Struggling to grasp VMware vSphere 6.5? CBT Nuggets can help
Earlier this year VMware, a global leader in cloud infrastructure and digital workspace technology, introduced their Datacenter Virtualization certification (VCP6-DCV) to better leverage best practices and provide a scalable and reliable virtualization platform for enterprises.
VCP6-DCV was met with praise from virtualization pros as a way to validate their skills to administer and troubleshoot vSphere V6 infrastructures. Presently more than 100,000 professionals are certified worldwide.
As beneficial as VCP6-DCV has proven, VMware recently made it even more so with their updated VMware the next-generation infrastructure for next-generation applications. 6.5 validates that you know how to implement, manage, and troubleshoot a vSphere V6.5 infrastructure.
6.5 has a host of new features including a simplified customer experience for automation and management at scale; comprehensive built-in security for protecting data, infrastructure, and access; and a universal application platform for running any app anywhere. With vSphere 6.5, customers can now run, manage, connect, and secure their applications in a common operating environment, across clouds and devices.
The installer has been overhauled, resulting in a new, modern look and feel. It is now supported on Microsoft Windows, macOS, and Linux operating systems (OSs) without the need for any plug-ins.
“VMware’s vSphere virtualization environment is one of the dominant solutions when implementing in-house data centers,” said CBT Nuggets’ trainer Keith Barker. “Any skills acquired or improved regarding vSphere will help technicians and engineers to better implement, support, and manage vSphere.”
Baker, who has been a CBT Nuggets trainer since 2012, likes to make a difference for IT learners by helping them get comfortable with complicated technologies. His personal mantra is, “When a motivated learner and the correct training meet at the right time, the results are amazing.”
Finding the correct training to become familiar with all of the in and outs of VMware vSphere can be challenging for some. VMware offers its own training for all of its products, and passing a VMware training course is required for certification.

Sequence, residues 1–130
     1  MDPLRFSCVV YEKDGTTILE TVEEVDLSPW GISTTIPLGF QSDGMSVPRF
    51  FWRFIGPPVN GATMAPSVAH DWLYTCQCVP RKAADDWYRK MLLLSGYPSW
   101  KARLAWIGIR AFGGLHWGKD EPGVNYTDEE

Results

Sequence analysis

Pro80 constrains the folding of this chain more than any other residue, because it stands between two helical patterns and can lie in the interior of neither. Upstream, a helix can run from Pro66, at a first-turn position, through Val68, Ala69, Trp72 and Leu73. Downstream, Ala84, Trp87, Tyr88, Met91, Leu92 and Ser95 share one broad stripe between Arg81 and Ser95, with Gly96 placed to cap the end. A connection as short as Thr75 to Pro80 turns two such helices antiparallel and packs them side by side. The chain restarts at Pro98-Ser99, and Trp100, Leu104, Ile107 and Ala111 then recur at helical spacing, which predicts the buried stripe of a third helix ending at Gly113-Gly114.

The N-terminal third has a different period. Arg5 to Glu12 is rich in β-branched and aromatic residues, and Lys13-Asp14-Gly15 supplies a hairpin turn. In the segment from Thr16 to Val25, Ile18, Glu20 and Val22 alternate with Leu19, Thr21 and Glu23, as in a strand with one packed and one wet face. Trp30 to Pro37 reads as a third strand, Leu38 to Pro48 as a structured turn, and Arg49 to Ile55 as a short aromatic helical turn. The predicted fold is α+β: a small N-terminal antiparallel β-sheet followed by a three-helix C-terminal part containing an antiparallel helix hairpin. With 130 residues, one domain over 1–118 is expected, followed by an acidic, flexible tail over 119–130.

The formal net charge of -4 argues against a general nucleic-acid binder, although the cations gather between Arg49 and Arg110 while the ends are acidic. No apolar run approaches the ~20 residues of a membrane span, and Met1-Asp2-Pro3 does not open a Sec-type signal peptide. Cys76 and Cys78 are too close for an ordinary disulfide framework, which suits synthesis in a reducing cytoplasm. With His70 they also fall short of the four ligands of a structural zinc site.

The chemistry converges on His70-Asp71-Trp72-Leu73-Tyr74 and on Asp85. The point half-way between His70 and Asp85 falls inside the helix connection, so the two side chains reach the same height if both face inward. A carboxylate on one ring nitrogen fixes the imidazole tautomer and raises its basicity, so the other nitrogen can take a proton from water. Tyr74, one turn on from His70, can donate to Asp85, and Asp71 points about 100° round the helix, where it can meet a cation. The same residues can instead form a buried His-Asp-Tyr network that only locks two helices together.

Currently, there are eight VMware training courses that meet the training requirement for VMware Certified Professional 6.5 – Data Center Virtualization (VCP6.5-DCV). Those eight courses are as follows:
● VMware vSphere: Install, Configure, Manage [V6.5]
● VMware vSphere: Install, Configure, Manage [V6.5] – On Demand
● VMware vSphere: Optimize and Scale [V6.5]
● VMware vSphere: Optimize and Scale [V6.5] – On Demand
● VMware vSphere: Install Configure Manage plus Optimize & Scale Fast Track
● VMware vSphere: Skills for Public Sector Customers [V6.5]
● VMware vSphere: Fast Track [V6.5]
● VMware vSphere: Troubleshooting Workshop [V6.5]
Additional information about VMware’s training and the VCP6.5-DCV certification can be found here.
Taking the VMware Certification route is sufficient for some, particularly those who are already well versed in VMware software and virtualization in general. Other learners, however, sometimes emerge from VMware training courses needing further clarification of certain ideas, or better grounding various foundational concepts.
Barker said that’s where CBT Nuggets comes in. CBT Nuggets’ VMware training won’t satisfy your certification requirements, but it can help fill in some of the gaps. If you don’t quite understand where to cross vSphere’s virtual Ts, or how to dot its virtual Is, then CBT Nuggets can help. Barker said that learners who turn to CBT Nuggets for help with vSphere have often already taken VMware training.
Following up with additional training from CBT Nuggets, Barker said, simply helps them to make better sense of what they’ve been taught.
Barker’s VMware vSphere 6.5 (VCP6.5-DCV) course has 74 training videos that combine to offer 18 hours of content. The shortest, “Adding More vSwitches” (no. 13 of 74), is just two minutes long. The longest, “Implementing Audio Deploy” (no. 58 of 74), still clocks in under a half-hour, at just 29 minutes. Does anyone not have 29 minutes somewhere in the day to focus on a training video?
The vSphere 6.5 course is brand new, having come online July 27. Recommended experience for the course, which is rated “intermediate” in terms of difficulty, is familiarity with three things: 1) basic virtualization concepts, 2) VMware Workstation, and 3) IP networking.